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Saturday, June 26, 2004 - Page updated at 12:00 A.M.
CHICAGO Illinois Senate candidate Jack Ryan dropped out of the race yesterday amid a furor over lurid sex-club allegations that horrified fellow Republicans and caused his once-promising candidacy to implode in four short days.
"It's clear to me that a vigorous debate on the issues most likely could not take place if I remain in the race," Ryan, 44, said in a statement. "What would take place, rather, is a brutal, scorched-earth campaign the kind of campaign that has turned off so many voters, the kind of politics I refuse to play."
The campaign began to come apart Monday after the release of embarrassing records from Ryan's divorce. In those records, his ex-wife, "Boston Public" actress Jeri Ryan, said Ryan took her to kinky sex clubs in Paris, New York and New Orleans and tried to get her to perform sex acts with him while others watched. Ryan disputed the allegations, saying he and his wife went to one "avant-garde" club in Paris and left because they felt uncomfortable.
Ryan lashed out at the media yesterday and said it was "truly outrageous" that the Chicago Tribune persuaded a judge to unseal the records.
Top Illinois Republicans immediately began the work of selecting a new candidate. Their choice will become an instant underdog against Democratic state Sen. Barack Obama in the campaign for the seat of retiring GOP Sen. Peter Fitzgerald. Obama had a wide lead even before the scandal broke.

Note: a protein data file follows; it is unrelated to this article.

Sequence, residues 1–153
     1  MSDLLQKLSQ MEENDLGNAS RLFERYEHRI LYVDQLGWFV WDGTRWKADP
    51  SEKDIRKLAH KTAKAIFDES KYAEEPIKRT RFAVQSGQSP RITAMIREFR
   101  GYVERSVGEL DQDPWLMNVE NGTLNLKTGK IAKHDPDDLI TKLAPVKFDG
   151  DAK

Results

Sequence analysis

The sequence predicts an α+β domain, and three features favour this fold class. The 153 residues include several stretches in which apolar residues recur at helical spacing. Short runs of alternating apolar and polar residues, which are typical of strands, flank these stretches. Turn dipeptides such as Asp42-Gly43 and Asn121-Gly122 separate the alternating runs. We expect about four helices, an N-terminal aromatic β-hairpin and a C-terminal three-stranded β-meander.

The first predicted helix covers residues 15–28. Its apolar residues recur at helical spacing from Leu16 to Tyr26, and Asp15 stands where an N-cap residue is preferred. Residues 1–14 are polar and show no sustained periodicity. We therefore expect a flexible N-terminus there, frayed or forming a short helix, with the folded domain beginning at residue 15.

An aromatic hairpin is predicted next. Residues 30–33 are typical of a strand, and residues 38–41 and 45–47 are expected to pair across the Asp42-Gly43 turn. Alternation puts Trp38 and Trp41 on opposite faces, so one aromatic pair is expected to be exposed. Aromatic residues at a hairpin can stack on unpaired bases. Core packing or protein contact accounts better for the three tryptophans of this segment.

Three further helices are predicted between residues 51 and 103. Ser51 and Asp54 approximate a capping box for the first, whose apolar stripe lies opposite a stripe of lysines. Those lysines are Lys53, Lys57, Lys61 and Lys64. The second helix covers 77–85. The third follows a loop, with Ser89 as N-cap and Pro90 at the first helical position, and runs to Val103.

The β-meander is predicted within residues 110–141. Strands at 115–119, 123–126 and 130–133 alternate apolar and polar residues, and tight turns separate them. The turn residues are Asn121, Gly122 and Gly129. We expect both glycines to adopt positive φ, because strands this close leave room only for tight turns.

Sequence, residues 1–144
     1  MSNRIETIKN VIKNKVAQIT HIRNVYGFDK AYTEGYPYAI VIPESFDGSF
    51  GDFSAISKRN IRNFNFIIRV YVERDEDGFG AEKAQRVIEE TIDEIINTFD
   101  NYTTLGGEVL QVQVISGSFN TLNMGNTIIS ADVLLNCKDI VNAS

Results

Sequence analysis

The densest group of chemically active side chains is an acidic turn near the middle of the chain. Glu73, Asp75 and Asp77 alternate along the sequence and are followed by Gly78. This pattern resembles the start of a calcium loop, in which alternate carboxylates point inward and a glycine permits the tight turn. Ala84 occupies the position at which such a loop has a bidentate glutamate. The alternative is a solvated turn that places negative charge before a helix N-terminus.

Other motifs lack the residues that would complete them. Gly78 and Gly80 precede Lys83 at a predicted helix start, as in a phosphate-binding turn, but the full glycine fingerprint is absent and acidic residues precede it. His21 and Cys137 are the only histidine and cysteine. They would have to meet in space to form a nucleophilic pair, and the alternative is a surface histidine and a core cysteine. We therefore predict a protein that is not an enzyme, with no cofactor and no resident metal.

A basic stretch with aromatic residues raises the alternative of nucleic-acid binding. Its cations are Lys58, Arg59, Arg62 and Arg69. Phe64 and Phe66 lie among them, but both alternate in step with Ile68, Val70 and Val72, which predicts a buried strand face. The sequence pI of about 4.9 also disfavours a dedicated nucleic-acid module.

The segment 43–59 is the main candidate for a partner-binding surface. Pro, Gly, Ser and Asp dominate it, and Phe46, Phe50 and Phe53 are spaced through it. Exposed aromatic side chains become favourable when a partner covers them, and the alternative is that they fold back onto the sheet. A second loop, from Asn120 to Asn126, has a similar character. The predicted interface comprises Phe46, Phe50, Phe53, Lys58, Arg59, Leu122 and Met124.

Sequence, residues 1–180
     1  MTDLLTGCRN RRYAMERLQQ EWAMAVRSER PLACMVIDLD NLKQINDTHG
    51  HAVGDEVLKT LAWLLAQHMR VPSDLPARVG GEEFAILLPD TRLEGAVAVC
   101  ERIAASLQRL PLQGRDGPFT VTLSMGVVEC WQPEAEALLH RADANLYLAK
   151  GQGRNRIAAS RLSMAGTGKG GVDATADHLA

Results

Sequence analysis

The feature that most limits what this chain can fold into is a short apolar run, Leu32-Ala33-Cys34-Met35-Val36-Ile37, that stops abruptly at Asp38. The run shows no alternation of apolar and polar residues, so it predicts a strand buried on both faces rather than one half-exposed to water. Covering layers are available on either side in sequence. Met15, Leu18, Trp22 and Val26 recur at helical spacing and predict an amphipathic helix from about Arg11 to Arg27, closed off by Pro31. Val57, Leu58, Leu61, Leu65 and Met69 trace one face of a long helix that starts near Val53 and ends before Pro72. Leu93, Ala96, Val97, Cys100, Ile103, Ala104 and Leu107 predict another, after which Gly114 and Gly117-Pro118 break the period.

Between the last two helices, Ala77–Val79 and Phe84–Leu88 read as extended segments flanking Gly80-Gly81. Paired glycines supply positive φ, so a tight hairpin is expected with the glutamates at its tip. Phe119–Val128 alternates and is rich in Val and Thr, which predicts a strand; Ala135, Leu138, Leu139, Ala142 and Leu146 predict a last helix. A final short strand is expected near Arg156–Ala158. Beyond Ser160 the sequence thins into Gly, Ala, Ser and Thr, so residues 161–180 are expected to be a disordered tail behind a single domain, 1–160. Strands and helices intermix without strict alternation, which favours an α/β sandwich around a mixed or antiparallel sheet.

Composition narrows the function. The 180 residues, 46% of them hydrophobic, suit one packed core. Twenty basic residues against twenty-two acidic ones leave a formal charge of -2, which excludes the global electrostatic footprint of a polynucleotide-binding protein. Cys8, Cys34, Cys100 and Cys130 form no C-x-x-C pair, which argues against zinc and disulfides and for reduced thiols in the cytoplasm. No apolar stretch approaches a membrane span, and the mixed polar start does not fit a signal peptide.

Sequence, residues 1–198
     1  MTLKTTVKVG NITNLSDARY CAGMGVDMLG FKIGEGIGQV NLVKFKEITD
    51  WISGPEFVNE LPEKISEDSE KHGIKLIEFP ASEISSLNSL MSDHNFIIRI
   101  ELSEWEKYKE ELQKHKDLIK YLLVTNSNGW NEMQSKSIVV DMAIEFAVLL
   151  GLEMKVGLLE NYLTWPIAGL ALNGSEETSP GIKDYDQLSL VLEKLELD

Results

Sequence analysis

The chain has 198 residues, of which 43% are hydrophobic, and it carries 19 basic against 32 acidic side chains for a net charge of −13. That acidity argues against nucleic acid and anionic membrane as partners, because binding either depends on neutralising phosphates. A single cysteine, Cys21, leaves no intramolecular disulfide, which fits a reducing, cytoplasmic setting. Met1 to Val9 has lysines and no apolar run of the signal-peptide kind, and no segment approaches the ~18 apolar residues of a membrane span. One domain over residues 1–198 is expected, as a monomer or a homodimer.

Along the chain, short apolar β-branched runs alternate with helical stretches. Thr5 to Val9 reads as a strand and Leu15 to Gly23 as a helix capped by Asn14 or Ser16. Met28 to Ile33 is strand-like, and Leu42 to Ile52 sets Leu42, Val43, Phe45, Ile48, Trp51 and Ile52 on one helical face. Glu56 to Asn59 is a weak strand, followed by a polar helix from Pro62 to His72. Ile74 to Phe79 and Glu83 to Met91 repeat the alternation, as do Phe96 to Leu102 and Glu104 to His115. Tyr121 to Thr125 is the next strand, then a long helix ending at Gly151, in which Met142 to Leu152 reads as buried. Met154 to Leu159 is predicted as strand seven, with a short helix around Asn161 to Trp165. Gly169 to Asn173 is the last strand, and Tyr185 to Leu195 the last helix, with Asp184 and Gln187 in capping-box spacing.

Democrat to speak at GOP convention
WASHINGTON Georgia Sen. Zell Miller, the highest-profile Democrat to endorse President Bush for re-election, will speak at the Republican National Convention in New York this summer, a congressional aide said yesterday.
Miller drew a sharp rebuke from the dean of the state's congressional delegation, Democratic Rep. John Lewis, who called the senator's decision "a shame and a disgrace."
"I think he has sold his soul for a mess of pottage," Lewis said, in a reference to a speech Miller gave as a congressional candidate 40 years ago in which he argued that President Johnson was "a Southerner who sold his birthright for a mess of dark pottage" because of his support for the Civil Rights Act.
Pottage is defined as a thick soup or stew of vegetables.
Kerry does marathon campaigning
MASSILLON, Ohio Comedian Billy Crystal teased Sen. John Kerry, "If you're having a good time, tell your face," but the dour-looking Democrat had an excuse for looking drawn yesterday after scheduling 36 hours of nearly nonstop campaigning on both coasts, plus a Midwest stop.
Kerry's marathon itinerary included campaigning in down-and-out Stark County, Ohio, sandwiched between swanky fund-raisers in New York and Los Angeles. The Los Angeles event, which ended at 11 p.m. Thursday, was an A-list concert with artists such as Crystal, Barbra Streisand, Neil Diamond, Leonardo DiCaprio and Ben Affleck.
Kerry two hours later left on a four-hour redeye flight to Ohio, where he stumped in a bellwether community that chose Republican George W. Bush four years ago.
Kerry then swung by the Pro Football Hall of Fame before he boarded his plane for the third time in 24 hours, this time to New York for a fund-raiser with lesbian, gay, transgendered and bisexual supporters.
Less than three hours later, he boarded the plane for a flight to his Washington home and an end to his day-and-a-half tour.
A watchdog group, Citizens for Responsibility and Ethics in Washington, filed a complaint with the Federal Election Commission against Ralph Nader yesterday, saying the independent presidential candidate is violating federal campaign laws by accepting office space and telephone service from Citizen Works, a public charity he created.
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